Released 1 November 2012
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WHILE Hurricane Sandy – one of the largest storms the Caribbean and the east coast of the USA has ever experienced – was still causing devastating damage, Salvation Army emergency teams were already providing relief. Initially shelter, food, water and counselling were the main forms of assistance provided and this has continued.
Throughout the Caribbean the unceasing torrential rain and 90 mph winds decimated homes and crumbled structures, as fallen trees and utility power lines made roads impassable and destroyed crops, livestock and farmlands. Early assessment by Salvation Army disaster relief teams indicated that this category one hurricane had left the islands of Jamaica, Haiti and the Bahamas in ruins.
In Haiti, where at least 10 people have been killed, this latest disaster has stretched the resources of local Salvation Army personnel who are still serving those impacted by the earthquake and Hurricane Isaac. In the Bahamas, Hurricane Sandy’s driving rains and heavy winds knocked out power, flooded roads and cut off inter-island communication.
Salvation Army properties also suffered damage. In Jamaica, the School for the Blind lost the roofs on several of its dormitories and walkways and all of its banana and plantain crops were destroyed. The Salvation Army headquarters in Haiti also reported that its buildings in Poirrier, Lafosse, Vieux Bourg, Fond-des-Negres and Campeche were severely damaged.
But even in these moments of distress, Salvation Army teams set aside their own problems to assist others. During the eye of the storm, Salvation Army officers and volunteers were out on the streets transporting homeless men to shelters, serving food to those evacuated and providing pastoral care and counselling to those traumatised by the disaster.
Cuba was also badly affected by the hurricane with 11 people killed and widespread flooding and damage during its five hours in Cuba. The Salvation Army is supplying food, shelter and water to those who are displaced and has already begun working on providing temporary shelters for those who lost their homes.
From the Caribbean and Cuba Hurricane Sandy moved violently along the United States of America east coast, leaving mass destruction and power outages in its wake. Even before it arrived The Salvation Army in the USA prepared for a long-term disaster response and recovery operation. Feeding of displaced people commenced immediately at shelters in the north-east and mid-Atlantic regions and mobile canteen units have been deployed to the areas of greatest need. Crews are providing food, hydration and clean-up kits as well as emotional and spiritual care.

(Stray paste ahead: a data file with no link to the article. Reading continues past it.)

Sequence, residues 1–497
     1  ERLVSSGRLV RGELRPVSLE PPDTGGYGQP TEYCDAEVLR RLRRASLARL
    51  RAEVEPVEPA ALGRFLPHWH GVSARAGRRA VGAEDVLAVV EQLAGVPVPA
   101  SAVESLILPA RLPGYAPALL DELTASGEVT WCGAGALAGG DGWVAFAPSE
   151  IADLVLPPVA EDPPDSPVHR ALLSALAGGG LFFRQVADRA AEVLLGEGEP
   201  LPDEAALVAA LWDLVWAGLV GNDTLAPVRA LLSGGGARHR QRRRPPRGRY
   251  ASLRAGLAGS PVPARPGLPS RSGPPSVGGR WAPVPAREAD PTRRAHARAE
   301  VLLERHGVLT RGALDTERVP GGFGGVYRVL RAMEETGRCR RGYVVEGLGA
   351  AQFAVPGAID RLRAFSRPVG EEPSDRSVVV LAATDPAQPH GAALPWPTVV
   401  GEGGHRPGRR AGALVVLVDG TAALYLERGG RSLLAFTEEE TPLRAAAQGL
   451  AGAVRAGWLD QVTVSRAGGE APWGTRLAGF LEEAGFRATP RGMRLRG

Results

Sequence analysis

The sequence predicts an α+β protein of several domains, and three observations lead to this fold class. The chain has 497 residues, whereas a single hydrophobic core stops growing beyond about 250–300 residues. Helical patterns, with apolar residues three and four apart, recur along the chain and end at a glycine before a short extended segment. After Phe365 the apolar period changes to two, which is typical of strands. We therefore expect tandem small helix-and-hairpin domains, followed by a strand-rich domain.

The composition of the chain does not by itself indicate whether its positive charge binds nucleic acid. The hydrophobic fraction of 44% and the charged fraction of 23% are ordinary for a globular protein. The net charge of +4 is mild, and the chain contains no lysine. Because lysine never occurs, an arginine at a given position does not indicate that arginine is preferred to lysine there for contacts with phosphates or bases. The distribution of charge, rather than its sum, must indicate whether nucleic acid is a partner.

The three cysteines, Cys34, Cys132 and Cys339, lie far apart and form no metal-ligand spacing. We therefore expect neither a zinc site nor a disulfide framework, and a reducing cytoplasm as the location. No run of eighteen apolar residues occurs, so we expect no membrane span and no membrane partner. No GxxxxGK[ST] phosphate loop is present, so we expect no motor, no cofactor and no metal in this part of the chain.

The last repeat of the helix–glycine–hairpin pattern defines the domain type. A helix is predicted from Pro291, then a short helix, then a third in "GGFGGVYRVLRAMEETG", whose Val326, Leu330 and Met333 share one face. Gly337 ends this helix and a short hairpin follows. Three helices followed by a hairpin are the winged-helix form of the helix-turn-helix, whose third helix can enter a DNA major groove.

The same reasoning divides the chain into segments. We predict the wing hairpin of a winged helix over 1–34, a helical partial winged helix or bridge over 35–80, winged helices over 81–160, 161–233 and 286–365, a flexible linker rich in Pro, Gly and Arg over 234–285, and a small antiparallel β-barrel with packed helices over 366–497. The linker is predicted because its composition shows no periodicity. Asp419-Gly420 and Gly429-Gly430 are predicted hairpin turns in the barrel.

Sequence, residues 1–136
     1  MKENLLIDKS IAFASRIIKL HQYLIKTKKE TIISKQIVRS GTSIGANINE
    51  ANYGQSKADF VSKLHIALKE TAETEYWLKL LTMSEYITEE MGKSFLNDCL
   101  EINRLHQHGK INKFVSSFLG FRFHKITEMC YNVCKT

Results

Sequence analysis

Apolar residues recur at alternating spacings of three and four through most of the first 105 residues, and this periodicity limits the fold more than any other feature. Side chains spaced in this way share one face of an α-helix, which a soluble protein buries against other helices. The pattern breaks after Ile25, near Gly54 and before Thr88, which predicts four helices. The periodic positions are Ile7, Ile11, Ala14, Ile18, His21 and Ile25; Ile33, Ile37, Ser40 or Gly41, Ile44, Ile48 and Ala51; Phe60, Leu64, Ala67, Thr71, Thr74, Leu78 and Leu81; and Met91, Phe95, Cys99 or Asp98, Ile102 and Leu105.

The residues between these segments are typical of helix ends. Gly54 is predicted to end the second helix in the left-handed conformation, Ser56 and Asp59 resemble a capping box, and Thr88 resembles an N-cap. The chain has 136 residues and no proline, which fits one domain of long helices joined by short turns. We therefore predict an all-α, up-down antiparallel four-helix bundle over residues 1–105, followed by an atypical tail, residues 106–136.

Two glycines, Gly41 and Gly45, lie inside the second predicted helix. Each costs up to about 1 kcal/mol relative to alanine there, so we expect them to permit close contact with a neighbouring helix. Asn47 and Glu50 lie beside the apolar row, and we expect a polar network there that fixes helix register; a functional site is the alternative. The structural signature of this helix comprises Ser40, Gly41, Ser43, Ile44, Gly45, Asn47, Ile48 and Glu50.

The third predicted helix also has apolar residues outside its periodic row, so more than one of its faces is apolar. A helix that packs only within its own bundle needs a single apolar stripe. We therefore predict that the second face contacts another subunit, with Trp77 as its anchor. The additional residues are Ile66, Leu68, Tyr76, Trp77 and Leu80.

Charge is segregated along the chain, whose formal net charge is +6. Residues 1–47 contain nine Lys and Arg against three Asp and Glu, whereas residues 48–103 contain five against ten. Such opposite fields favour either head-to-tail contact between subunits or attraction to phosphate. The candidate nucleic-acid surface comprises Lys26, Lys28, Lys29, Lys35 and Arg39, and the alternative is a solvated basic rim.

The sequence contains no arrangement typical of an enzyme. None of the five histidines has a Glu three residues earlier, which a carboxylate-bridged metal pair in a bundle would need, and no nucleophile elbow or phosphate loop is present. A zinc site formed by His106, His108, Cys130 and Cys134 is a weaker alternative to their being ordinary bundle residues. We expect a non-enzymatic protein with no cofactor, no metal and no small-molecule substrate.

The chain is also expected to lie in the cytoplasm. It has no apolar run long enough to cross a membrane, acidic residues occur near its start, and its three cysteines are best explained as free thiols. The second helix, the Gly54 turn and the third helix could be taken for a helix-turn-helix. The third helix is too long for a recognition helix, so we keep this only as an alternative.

New York city officials, from the Office of Emergency Management, have appointed The Salvation Army as the lead agency for the city’s food access plan which coordinates feeding programmes at city shelters. This includes serving meals to 1,000 people at Seward High School in lower Manhattan for the next few days.
Elsewhere in New York the Army has provided food and shelter assistance at two locations in Albany and on Long Island. The Salvation Army is also assisting the American Red Cross with distribution of supplies to eight shelters.
In New Jersey The Salvation Army is serving meals, snacks and drinks to hundreds of evacuees at 11 shelters in five counties. This emergency work is not without danger. At a shelter in Union Beach, a Salvation Army canteen and a volunteer vehicle were flooded when waters rose unexpectedly. Despite the loss of these vehicles volunteers continued to serve meals to both displaced residents and other emergency workers. A Salvation Army canteen is working with the New Jersey state official search and rescue team.
An innovative relief programme is operating at Montclair where The Salvation Army has organised a ‘charging’ centre for people who need to charge their phones, computers or other electronic devices.
Meals are being provided to people in 15 shelters in Pennsylvania and Connecticut and The Salvation Army is also running shelter and feeding programmes throughout parts of western Maryland and West Virginia where more than two feet of snow has left thousands without power in frigid temperatures.
Relief teams are active in north east Ohio, New Hampshire, North Carolina and Virginia, serving within shelters and from mobile canteens. ‘It’s clear that Hurricane Sandy was, and continues to be, a major storm impacting millions of people,’ said Major George Hood, National Community Relations Secretary for The Salvation Army in the United States. ‘Residents of the impacted areas can rest assured that The Salvation Army will be with them for the long-haul – providing practical, physical and spiritual support at the areas of greatest need.’